Its just 30 days from now when I hope to be in the Philippines. This trip I will be taking my children Jessa (16) and Rich (11) with me. This will not only be their first trip outside the United States but also their first trip to the Philippines.
I can’t help but wonder how they will react, what will their feelings be. The Philippines is not like the America the have grown up in, there they will not have the comforts and conveniences that they have become so accustom to in America. For them it will be a whole different world, a world where they will have to adapt to a lifestyle and customs they are not wholly familiar with. Even the “Mano” is foreign to them and I can see in their faces how awkward they feel having to perform it. I keep telling myself “I should have” I should have taken them sooner, I should have made the Mano a part of our lifestyle here in America, I should have learned not only our dialect but Tagalog as well so that I could have passed these things to my children.
Growing up an ABF (American Born Filipino) you are not really exposed to everything Filipino, even less in my case because I am half Filipino and half Anglo American. My Anglo American side didn’t promote the Filipino culture with me at all, but that’s a whole other story. My lolo, lola and barkada are the ones that helped me learn and know what its to be a Filipino. They are the ones who promoted growth in my Filipino heritage and culture. But even then I wasn’t fully provided all of my Filipino culture because my lolo and lola tried to assimilate in to America and in to Americas culture. They came to America at a time when Filipino’s were treated and looked upon as no better than dog’s, discrimination of Filipinos was much the same as how Black’s of that era were treated. It’s ironic when you think about it; Filipinos were in North America long before the First Anglo’s yet, America discriminated against them and called them foreigners, even those born here.
I am a 2nd generation ABF and my children 3rd and now in these, my later years in life I realize just how much of our culture has been eroded away by distance, time and the American lifestyle.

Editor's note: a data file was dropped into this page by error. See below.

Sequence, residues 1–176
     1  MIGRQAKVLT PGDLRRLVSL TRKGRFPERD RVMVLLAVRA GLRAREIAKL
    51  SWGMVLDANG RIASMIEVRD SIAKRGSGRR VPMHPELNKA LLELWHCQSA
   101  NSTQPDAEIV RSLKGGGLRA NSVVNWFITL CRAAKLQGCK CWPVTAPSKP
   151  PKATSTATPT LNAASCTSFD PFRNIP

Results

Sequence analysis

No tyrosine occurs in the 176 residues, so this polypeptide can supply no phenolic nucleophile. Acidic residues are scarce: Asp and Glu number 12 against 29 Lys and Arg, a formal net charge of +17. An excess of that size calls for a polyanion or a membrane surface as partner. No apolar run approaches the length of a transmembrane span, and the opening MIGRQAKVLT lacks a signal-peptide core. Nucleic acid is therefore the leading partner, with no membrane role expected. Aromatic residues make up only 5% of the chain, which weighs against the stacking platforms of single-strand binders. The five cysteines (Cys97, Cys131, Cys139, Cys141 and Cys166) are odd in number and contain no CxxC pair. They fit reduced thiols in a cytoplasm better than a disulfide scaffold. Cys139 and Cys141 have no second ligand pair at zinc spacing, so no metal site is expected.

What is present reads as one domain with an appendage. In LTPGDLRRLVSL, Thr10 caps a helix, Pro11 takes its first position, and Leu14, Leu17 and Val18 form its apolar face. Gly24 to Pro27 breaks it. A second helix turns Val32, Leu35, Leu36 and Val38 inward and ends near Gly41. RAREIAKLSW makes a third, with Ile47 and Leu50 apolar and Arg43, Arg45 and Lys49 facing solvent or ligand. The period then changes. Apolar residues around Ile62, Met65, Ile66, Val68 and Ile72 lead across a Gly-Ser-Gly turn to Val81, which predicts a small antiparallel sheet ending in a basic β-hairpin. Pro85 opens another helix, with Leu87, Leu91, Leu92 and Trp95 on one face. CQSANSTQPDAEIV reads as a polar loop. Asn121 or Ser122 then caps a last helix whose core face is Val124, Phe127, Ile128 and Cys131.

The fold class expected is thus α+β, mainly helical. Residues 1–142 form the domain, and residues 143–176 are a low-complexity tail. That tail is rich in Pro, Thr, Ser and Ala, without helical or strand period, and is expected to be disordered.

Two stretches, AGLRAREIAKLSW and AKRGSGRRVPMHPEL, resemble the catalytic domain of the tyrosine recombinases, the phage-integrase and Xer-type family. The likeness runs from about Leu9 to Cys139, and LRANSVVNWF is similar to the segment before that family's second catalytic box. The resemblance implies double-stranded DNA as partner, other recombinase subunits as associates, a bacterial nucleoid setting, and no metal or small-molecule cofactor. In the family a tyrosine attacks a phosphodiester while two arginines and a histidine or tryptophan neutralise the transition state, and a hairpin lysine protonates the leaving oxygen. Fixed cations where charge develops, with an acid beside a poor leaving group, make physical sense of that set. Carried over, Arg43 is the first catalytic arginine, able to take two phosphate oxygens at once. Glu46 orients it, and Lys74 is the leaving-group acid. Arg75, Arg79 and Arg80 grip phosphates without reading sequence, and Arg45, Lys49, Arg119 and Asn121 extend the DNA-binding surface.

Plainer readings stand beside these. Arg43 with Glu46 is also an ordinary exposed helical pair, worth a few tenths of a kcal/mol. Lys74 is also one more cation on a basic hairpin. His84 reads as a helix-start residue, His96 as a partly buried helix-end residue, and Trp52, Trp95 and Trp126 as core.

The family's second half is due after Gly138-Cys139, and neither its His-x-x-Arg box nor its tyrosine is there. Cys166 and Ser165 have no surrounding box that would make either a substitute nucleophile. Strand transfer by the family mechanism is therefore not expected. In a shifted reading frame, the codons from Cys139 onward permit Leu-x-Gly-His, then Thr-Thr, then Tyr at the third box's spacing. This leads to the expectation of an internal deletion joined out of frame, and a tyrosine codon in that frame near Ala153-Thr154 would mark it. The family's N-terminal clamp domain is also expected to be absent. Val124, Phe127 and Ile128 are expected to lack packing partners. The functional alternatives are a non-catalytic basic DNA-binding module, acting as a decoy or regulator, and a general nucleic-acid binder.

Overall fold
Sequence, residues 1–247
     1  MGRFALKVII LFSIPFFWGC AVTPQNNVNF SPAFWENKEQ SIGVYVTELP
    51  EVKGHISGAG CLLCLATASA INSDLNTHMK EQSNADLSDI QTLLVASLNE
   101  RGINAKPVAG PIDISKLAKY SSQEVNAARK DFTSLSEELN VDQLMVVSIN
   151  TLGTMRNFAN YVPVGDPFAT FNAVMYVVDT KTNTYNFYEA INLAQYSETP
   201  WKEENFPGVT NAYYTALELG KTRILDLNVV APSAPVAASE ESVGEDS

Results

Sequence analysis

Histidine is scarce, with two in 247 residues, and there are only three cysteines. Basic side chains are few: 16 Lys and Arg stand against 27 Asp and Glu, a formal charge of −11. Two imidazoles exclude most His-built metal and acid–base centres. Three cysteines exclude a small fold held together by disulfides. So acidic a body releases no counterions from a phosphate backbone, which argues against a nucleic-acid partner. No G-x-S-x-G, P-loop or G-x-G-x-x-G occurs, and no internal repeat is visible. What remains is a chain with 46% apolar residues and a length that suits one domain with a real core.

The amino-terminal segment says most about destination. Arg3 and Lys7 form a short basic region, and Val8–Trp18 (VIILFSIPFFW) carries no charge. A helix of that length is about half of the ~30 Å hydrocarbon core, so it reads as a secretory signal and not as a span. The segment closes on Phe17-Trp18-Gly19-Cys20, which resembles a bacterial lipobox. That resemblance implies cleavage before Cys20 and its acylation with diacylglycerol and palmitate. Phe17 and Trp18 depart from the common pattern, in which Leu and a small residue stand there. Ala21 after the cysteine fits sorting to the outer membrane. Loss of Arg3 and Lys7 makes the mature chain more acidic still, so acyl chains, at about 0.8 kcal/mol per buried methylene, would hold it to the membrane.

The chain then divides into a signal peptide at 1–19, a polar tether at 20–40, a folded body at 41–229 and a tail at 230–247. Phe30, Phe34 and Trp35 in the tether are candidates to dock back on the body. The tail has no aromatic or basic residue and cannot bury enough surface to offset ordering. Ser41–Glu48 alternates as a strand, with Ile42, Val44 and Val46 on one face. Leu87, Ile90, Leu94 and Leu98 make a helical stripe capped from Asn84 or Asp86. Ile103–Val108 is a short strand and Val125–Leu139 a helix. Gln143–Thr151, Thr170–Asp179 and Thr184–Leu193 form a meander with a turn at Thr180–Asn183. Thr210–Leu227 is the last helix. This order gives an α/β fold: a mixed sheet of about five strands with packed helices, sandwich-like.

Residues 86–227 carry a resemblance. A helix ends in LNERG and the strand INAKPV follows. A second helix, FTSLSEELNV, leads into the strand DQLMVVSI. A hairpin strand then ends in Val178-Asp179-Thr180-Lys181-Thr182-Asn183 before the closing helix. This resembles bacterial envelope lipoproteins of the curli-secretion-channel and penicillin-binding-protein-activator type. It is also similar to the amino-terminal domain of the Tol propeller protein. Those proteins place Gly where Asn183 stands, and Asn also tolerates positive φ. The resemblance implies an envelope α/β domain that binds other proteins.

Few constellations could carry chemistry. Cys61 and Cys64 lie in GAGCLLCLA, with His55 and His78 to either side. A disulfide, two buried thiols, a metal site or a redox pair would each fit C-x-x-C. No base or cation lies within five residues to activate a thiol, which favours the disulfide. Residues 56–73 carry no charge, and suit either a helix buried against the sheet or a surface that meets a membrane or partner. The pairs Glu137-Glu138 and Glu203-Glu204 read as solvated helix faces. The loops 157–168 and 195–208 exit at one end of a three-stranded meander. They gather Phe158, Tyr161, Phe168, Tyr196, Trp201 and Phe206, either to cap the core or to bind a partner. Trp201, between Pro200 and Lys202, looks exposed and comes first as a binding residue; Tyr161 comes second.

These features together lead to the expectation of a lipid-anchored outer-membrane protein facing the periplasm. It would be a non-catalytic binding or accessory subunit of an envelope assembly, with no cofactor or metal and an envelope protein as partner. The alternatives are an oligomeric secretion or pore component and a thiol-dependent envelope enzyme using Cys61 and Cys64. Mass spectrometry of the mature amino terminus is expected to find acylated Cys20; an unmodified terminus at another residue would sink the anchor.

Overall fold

Still, even though my children and I don’t follow the some of ways of our culture, I have worked to keep the history, pride, love of heritage, culture and the Philippines in our family. Most 2nd, 3rd, 4th, etc… ABF’s know only that they are “Filipino” but lack the basic knowledge of what a Filipino is or should I say what it is to be a Filipino, I guess both really. My Children know what it means to be a Filipino and I hope that our trip to the Philippines will instill even more of it in them. I hope it will help answer all those questions a child asks when he begins to wonder “Who Am I”
No matter what I know this will be an awakening for them. If nothing else it will show them just what they have in America. So many people take the simple freedoms they have here for granted, so much so everyday they give up rights to some simple freedom without a second thought. They will finely understand what we as parents mean when we say “Eat all your food, there are children going hungry today,” they will understand our family, history being able to see places and ways of life we have talked to them about and they will understand how fortunate they are to have the things and freedoms they have here in America.
I’m going to video tape our journey there and edit it in to a documentary of sorts on our return and recorded to DVD. Since recently been laid off it will fill my idle time and give the kids and their kids a view in to the Philippines and our family. Each place we go will be a different experience for them. From Business and shopping areas of Makati to their mothers barangay and family in Sampaloc, to my families barangay on island of Bohol, to Janet’s and our new families barangay and region of Bicol. From Volcanoes, to waterfalls and lakes in-land to deserted island camping trips and ferry trips offshore.
I hope it will be a trip they will remember and cherish for the rest of their lives.